Given a forcing notion P, then P has the Sacks property if and only if for any P-name r for a real (i.e., member of omegaomega) and for any forcing condition p in P there is a stronger forcing condition q < p and some I:omega to [omega]finite such that for any n, |I(n)|< 2n and q Vdash forall n r(n) in I(n). Thus, any new real in the generic extension is covered by a small set in the ground model. In this talk we present some consequences of the Sacks property, present forcing notions having the Sacks property, and investigate the question under which circumstances a forcing notion can or cannot have the Sacks property and additional properties at the same time.
Besides being related to epistemic and temporal issues, all this grounds on the question to what extent the law of excluded middle may be applied to the infinite. It is therefore reasonable to manifest the problematic nature of identity by way of constructive analysis, some of whose basic concepts are illustrated in return, and to contemplate difference as a substitute for identity.
If at all, difference may be verified in a finite amount of time by exhibiting some witness to distinction. In particular, difference constitutes a genuinely positive and existential property.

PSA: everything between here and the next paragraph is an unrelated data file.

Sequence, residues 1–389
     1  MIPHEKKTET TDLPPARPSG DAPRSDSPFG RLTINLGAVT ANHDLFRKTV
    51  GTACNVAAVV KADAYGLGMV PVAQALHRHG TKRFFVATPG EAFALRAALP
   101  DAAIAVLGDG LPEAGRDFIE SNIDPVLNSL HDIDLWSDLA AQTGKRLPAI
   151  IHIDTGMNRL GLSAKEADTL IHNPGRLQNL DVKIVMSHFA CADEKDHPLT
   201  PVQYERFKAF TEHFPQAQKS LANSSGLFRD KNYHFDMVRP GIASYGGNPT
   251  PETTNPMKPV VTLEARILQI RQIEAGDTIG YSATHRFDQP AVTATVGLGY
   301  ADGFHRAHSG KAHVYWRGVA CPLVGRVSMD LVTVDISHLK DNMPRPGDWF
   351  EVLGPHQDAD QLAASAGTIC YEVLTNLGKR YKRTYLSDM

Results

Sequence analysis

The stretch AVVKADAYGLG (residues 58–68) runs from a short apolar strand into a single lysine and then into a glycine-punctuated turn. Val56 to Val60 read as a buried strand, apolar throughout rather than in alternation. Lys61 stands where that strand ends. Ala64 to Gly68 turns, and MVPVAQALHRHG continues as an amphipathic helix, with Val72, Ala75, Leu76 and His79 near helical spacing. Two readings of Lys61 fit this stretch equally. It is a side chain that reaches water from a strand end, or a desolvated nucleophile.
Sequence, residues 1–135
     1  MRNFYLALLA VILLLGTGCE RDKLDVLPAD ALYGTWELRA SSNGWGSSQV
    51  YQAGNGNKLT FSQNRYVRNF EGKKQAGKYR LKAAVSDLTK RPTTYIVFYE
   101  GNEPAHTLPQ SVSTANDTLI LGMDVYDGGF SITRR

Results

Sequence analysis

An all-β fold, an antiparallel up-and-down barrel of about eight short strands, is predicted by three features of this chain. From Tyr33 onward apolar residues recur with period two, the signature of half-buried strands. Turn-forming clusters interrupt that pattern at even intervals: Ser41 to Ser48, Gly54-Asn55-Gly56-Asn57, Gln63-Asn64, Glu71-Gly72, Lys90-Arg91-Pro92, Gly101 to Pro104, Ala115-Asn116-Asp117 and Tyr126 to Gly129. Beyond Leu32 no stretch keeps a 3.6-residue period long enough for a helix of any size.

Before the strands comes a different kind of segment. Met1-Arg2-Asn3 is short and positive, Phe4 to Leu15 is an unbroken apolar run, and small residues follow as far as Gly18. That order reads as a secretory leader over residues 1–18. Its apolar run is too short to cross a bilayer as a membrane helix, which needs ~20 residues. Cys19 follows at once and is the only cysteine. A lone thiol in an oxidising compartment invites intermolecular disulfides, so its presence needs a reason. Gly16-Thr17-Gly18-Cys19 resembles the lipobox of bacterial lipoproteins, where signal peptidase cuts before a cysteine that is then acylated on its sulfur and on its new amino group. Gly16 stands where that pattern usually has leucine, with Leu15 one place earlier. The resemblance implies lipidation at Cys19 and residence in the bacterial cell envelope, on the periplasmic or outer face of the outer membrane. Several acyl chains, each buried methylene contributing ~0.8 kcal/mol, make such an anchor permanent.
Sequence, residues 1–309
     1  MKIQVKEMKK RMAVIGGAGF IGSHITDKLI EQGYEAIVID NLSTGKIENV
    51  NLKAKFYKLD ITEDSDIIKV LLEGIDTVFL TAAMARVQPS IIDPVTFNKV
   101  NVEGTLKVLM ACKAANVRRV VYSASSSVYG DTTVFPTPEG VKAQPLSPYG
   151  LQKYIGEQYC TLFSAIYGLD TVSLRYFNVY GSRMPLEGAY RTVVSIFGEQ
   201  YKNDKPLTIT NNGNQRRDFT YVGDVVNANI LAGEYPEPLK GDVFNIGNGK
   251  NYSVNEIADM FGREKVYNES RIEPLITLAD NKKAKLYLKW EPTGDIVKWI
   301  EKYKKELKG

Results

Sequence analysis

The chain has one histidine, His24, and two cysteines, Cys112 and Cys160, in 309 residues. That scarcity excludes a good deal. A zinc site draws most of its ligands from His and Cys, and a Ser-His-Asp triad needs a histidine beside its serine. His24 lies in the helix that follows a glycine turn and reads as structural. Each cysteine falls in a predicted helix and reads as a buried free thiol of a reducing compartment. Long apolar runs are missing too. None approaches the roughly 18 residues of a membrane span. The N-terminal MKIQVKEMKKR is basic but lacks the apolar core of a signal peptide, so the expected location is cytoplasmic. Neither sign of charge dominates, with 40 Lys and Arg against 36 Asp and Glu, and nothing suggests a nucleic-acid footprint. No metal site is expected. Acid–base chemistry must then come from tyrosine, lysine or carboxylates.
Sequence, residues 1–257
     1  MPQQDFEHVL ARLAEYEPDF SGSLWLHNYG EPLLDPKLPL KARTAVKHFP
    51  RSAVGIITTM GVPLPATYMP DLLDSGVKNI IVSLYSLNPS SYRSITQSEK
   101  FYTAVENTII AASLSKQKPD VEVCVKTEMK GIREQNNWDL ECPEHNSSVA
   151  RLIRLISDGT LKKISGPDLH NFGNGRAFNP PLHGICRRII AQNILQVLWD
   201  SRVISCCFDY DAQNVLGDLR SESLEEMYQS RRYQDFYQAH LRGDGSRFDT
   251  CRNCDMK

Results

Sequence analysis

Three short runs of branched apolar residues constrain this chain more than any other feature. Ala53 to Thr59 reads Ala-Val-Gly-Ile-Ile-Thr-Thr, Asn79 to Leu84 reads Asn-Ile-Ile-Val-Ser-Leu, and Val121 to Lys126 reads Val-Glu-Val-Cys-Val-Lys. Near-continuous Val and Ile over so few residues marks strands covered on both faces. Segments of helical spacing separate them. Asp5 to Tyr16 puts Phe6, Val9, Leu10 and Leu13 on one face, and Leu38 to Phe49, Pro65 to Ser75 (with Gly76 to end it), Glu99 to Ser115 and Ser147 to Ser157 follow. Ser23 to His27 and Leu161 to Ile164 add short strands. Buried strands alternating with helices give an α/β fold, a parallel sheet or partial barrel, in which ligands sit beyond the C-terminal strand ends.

Refinements of the constructible hierarchy allow a more precise control over the setup of the constructible hierarchy. This kind of control is needed in several applications, most notably in core model theory.
Two different finestructure hierarchies will be presented and it will
be investigated how they relate to each other.
During the last two decades, model checking has become an important tool for the verification of hardware and increasingly of software. The success of model checking is based on the combination of several techniques aimed at alleviating the inherent complexity of the problem. These techniques can be classified into two groups:
In this talk, we will survey complexity results and algorithms in both directions.
I will show how large cardinal axioms can be used to organize many independence results in abstract analysis.